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Hsueh lab


since 01/2001:

lipase E, hormone sensitive type OKDB#: 3830
 Symbols: LIPE Species: human
 Synonyms: HSL, LHS, AOMS4, FPLD6  Locus: 19q13.2 in Homo sapiens

For retrieval of Nucleotide and Amino Acid sequences please go to: OMIM Entrez Gene
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DNA Microarrays
link to BioGPS
General Comment NCBI Summary: The protein encoded by this gene has a long and a short form, generated by use of alternative translational start codons. The long form is expressed in steroidogenic tissues such as testis, where it converts cholesteryl esters to free cholesterol for steroid hormone production. The short form is expressed in adipose tissue, among others, where it hydrolyzes stored triglycerides to free fatty acids. [provided by RefSeq, Jul 2008]
General function Enzyme
Cellular localization
Comment Omental adipose tissue overexpression of fatty acid transporter CD36 and decreased expression of hormone-sensitive lipase in insulin-resistant women with polycystic ovary syndrome. Seow KM et al. (2009) Elevated free fatty acids (FFAs) are involved in insulin resistance in polycystic ovary syndrome (PCOS). We investigated the role of fatty acid transporter CD36, hormone-sensitive lipase (HSL) and adipose triglyceride lipase (ATGL) in regulation of lipolysis in insulin-resistant women with PCOS. CD36, HSL and ATGL proteins were analyzed in omental adipose tissue from 10 women with PCOS and 10 healthy, BMI- and age-matched controls by western blotting. Women with PCOS had higher fasting and 2 h insulin levels (P < 0.002, P < 0.029, respectively) and a higher homeostasis model insulin resistance index (P < HOMA(IR), 0.005) and a lower fasting glucose-to-insulin ratio (G(0)/I(0)) (P < 0.001) than controls. CD36 protein levels in the PCOS women were higher (268% of control levels, P < 0.05) and HSL protein levels were lower (43% of control levels, P < 0.05). However, ATGL protein levels were not different in the two groups. Fasting serum insulin levels showed a positive correlation with CD36 levels (P = 0.01, r = 0.875) and a negative correlation with HSL levels (P = 0.045, r = -0.73). Furthermore, a positive correlation was found between serum testosterone levels and CD 36 protein levels (P = 0.025, r = 0.817) but the correlation did not reach significance after controlling for HOMA(IR). After adjusting insulin resistance index of HOMA(IR) by analysis of covariance, only CD36 differed between PCOS and control (P = 0.026). Our results suggest that, in insulin-resistant women with PCOS, changes in CD36 and HSL expression may result in altered FFA uptake.//////////////////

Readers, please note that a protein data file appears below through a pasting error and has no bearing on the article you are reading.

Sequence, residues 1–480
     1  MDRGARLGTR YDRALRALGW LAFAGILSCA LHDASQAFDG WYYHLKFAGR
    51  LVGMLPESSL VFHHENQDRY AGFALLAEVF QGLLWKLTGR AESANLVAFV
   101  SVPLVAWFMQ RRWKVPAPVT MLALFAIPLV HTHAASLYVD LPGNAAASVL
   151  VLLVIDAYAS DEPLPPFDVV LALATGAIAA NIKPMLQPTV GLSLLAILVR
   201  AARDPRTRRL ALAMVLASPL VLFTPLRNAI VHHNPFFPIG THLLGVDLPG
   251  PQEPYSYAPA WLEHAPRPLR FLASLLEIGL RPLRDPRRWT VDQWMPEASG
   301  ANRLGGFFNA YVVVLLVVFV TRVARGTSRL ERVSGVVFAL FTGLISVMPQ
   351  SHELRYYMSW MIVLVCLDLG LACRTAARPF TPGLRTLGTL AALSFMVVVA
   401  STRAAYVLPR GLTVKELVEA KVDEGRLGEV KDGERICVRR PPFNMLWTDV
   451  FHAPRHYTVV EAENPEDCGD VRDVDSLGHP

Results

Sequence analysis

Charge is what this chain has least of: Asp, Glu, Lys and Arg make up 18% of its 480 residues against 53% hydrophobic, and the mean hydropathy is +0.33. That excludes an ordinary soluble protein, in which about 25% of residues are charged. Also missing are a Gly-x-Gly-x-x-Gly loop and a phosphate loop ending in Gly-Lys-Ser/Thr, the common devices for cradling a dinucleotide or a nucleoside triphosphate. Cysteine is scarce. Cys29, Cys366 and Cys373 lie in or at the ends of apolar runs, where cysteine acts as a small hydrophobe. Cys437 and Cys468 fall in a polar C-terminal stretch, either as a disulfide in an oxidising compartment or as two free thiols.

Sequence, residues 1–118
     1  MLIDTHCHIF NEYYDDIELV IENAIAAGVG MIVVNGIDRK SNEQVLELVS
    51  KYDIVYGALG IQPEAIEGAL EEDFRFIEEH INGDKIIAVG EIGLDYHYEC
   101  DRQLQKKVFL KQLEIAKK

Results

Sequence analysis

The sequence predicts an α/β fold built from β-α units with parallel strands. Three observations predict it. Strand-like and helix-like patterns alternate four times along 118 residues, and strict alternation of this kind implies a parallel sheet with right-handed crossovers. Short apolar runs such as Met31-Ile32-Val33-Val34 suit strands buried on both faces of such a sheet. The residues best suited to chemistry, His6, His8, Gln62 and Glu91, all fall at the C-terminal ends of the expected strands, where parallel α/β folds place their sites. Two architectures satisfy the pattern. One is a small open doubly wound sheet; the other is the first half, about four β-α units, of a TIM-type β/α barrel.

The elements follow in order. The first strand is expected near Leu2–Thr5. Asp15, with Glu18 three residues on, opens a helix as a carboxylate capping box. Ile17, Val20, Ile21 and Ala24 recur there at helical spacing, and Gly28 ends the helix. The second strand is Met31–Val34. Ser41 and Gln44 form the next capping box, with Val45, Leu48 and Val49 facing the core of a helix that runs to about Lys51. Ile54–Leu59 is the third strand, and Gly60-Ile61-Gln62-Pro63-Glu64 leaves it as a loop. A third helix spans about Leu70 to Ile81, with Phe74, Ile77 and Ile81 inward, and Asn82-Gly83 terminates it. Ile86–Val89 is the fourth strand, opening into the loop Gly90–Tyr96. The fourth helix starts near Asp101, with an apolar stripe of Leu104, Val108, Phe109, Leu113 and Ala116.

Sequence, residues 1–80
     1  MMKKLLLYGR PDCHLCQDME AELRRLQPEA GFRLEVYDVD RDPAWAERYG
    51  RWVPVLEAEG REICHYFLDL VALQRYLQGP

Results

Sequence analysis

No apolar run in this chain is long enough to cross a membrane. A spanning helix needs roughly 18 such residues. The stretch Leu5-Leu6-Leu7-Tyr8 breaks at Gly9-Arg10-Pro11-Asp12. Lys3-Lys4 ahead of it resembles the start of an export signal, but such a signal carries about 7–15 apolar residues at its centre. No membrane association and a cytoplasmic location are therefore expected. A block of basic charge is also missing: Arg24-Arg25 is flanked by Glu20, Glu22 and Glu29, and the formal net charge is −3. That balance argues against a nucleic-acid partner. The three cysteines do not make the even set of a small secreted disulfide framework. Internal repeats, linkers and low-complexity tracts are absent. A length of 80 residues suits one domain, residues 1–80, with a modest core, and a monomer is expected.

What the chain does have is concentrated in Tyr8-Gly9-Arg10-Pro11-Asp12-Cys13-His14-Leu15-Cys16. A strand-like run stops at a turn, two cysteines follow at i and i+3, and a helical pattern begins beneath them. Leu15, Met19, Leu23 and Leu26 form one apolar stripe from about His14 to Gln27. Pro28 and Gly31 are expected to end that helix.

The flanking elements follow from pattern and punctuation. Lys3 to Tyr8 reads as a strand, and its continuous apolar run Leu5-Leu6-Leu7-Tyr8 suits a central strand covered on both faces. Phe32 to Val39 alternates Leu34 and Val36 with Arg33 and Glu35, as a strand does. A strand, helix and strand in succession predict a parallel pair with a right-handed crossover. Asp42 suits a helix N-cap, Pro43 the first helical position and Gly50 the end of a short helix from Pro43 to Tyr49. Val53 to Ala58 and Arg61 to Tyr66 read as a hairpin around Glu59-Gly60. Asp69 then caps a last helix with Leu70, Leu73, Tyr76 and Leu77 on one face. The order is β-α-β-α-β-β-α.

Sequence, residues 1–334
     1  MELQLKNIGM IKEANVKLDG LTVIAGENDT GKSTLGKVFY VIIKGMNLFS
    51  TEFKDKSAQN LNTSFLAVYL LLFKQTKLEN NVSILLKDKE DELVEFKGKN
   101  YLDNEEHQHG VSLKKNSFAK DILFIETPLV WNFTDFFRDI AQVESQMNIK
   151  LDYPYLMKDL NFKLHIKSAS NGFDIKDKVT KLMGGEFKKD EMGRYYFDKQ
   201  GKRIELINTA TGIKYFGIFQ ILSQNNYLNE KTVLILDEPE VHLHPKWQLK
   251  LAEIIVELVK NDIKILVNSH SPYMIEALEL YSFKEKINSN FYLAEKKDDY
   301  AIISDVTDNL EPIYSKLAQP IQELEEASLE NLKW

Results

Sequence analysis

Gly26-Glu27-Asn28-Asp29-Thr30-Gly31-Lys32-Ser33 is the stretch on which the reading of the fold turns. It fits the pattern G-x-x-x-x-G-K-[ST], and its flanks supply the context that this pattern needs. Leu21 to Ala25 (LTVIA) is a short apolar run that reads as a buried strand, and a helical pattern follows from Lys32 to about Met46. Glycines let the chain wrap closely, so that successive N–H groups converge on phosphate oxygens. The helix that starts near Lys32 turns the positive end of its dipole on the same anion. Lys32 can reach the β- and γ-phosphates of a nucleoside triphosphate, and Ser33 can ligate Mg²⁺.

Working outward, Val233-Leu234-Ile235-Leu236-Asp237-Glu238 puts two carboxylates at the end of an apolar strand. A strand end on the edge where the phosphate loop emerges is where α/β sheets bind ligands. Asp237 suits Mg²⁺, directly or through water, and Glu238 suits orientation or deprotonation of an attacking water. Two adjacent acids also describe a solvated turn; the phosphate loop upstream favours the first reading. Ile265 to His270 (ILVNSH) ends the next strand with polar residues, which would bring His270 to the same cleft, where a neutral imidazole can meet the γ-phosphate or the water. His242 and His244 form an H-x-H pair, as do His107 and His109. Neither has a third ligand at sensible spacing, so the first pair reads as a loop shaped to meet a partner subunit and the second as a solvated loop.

Ovarian function Steroid metabolism, Luteinization